Nijinsky—the mere name conjures up images of breath taking leaps, dazzling stage presence, bravura performances, groundbreaking choreography, and descent into madness. All this and more was evident at the Hamburg Ballet’s rare visit here at the Harris Theater for Music and Dance this past weekend. Choreographer John Neumeier brought the renowned company, which he has directed for the past 40 years, to Chicago for only 2 performances, following which they head to Orange County and San Francisco, California.
Nijinsky (1889-1950) tells the story of the famous dancer-choreographer in dreamlike sequences, beginning with his last performance in a ballroom in Switzerland in 1919 after which he spent the rest of his life in and out of mental institutions. Neumeier captures the essence of this hypnotic star of the early 20th century dance world in a full length ballet through his visualizations, memories and hallucinations during this last performance. This is an evocation of the brilliant but troubled artist’s life and was first choreographed in 2000 for the celebration of the 50th anniversary of the Russian dancer’s death.
After a rather slow start the dancer’s iconic roles are portrayed by 6 different Nijinskys: Harlequin, in “Carnaval”, the Spirit of the Rose in “Spectre de la Rose”, the Golden Slave in “Scheherazade”, sensuously danced by Thiago Bordin to the mesmerizing music of Rimsky-Korsakov, the young man in “Jeux”, the Faun in “L’Aprés-midi d’un Faune”, and Petrushka. Alexandre Riabko brings strong technique and dramatic flair to the role of Nijinsky. In creating this work Neumeier brings to the stage Nijinsky’s mentor and lover Serge Diaghilev and their breakup, his wife Romola and her infidelity, his sister Bronislava, and his brother Stanislaw, who was institutionalized at an early age. In Act II, as his madness increases, he retreats further into himself and conjures the brutality of World War I. Powerful though the images are and even though they fill the deep stage with the dynamic and pulsing corps de ballet it is sometimes slow going. Nevertheless, the ballet is filled with emotion and dramatic texture.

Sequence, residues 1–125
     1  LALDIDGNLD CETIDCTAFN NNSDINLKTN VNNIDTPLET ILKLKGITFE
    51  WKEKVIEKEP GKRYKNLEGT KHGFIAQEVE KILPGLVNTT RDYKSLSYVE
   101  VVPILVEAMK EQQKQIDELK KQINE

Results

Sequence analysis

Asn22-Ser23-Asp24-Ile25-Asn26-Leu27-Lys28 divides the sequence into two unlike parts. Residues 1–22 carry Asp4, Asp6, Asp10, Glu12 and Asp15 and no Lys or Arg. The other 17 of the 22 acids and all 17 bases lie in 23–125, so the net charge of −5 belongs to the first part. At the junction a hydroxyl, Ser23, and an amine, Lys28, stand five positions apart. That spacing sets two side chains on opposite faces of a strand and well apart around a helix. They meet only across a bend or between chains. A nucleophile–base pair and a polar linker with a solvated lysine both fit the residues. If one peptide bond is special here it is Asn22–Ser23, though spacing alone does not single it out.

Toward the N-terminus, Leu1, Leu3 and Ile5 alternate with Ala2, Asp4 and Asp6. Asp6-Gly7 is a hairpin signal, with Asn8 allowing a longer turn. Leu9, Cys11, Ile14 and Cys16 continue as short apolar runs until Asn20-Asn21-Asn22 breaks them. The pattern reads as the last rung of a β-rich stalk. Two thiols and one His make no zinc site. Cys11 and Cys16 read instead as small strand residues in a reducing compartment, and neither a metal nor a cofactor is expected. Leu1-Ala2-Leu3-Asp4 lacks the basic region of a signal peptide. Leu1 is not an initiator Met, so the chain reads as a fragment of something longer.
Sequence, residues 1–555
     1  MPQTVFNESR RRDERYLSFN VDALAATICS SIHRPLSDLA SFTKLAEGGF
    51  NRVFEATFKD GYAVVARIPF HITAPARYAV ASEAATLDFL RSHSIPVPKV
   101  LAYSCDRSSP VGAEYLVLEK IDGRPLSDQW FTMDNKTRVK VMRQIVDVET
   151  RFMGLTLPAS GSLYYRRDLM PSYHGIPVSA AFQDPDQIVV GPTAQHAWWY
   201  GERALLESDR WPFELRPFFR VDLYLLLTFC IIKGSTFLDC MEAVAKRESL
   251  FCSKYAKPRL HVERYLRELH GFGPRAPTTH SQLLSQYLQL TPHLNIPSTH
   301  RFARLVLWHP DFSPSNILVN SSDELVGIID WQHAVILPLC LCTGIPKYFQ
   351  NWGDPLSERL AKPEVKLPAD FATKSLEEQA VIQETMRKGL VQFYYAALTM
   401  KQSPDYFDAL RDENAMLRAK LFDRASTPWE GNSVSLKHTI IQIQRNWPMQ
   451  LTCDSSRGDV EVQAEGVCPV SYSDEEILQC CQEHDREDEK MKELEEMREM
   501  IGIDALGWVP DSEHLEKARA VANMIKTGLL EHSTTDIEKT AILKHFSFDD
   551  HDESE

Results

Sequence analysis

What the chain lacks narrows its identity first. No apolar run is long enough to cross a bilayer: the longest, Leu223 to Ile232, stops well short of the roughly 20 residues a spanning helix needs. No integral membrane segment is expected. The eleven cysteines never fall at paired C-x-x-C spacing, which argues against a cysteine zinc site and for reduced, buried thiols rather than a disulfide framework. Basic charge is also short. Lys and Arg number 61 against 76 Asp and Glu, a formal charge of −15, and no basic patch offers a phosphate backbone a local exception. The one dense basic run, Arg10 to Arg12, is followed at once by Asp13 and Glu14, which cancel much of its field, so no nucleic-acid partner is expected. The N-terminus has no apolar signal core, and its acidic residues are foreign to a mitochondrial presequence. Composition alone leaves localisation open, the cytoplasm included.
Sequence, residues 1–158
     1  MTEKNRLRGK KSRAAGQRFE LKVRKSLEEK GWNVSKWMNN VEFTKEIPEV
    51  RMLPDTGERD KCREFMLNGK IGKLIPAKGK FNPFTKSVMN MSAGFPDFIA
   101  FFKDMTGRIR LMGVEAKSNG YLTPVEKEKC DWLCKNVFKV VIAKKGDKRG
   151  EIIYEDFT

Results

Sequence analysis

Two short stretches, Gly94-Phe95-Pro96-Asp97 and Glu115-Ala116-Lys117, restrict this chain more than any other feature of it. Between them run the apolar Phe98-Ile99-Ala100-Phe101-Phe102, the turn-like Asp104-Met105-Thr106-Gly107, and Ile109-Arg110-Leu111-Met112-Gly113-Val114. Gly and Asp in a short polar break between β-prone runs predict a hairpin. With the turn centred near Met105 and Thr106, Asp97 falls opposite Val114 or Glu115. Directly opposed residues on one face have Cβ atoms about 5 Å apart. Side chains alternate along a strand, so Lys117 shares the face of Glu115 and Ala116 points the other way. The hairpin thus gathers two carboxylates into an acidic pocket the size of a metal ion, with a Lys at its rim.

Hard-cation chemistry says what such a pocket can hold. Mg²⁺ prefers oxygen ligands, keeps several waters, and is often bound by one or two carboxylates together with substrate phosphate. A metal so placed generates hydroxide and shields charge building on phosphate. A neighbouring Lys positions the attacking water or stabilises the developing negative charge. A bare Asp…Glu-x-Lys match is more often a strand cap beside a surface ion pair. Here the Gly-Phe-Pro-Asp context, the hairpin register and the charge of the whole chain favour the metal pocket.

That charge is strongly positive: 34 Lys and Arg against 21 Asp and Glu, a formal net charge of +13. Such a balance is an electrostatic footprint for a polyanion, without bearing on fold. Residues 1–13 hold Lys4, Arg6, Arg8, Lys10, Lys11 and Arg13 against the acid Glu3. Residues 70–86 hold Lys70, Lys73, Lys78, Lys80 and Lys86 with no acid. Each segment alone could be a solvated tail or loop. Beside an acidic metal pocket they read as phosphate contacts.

The prolific Neumeier excels in unique reinventions of classic story ballets like “Swan Lake”, “Sleeping Beauty”, “Romeo and Juliet” and more, but farther afield—think Hans Christian Anderson’s “The Little Mermaid” and Alexander Dumas fils’ “The Lady of the Camellias”— that have dramatic complexity but also that dreamlike quality. To these last 2 he has altered or added to the original stories, thereby making them more intriguing and keeping the viewer on his or her toes, as he infuses all his work, including Nijinsky, with an emotional depth and power that draw the viewer into the story. His inventive choreographic style-unusual but seemingly effortless, silky lifts that leave one wondering how they were achieved-and undulating spirals weave movement under and through one body to another in elegant lyricism.
He must portray Nijinsky’s own sometimes flowing but often angular and erotic style, especially in the beautifully realized “Faun,” who keeps slowly pacing in and out of the action in the familiar, highly stylized walk. Neumeier’s passion for Nijinsky dates back to when he was a student in Milwaukee in the ‘50s and found a book on the dancer at his local library, leading to a lifelong interest in the remarkable dancer/choreographer and accumulating an enormous collection of his painting, drawings and memorabilia. Coming to Chicago must bring back many memories of his early days when he would travel here to take dance classes with Sybil Shearer or storied Bentley Stone and Walter Camryn.
Evoking images of the Faun, Spirit of the Rose and Petrushka, as well as The Rite of Spring made me want to see more of the actual ballets, for as a choreographer Nijinsky really paved the way for modern ballet. His “Afternoon of a Faun” to music by Claude Debussy, and “The Rite of Spring” to the score by Igor Stravinsky, which outraged the public, were, and are still today, two of the most daring and innovative ballets ever created, with a different and specific movement language developed for each. Audiences of the day were either amazed or shocked by this new type of dance language created for the Ballet Russes.
Chicago is fortunate to have had this wonderful company, led by an exceptional choreographer here to perform its iconic work, Nijinsky. I am only sorry the company was here for only 2 performances. I hope we see more of Neumeier and the Hamburg Ballet.
For more information on Neumeier and the Hamburg Ballet go to: http://www.hamburgballett.de/e/
Photos are by Holger Badekow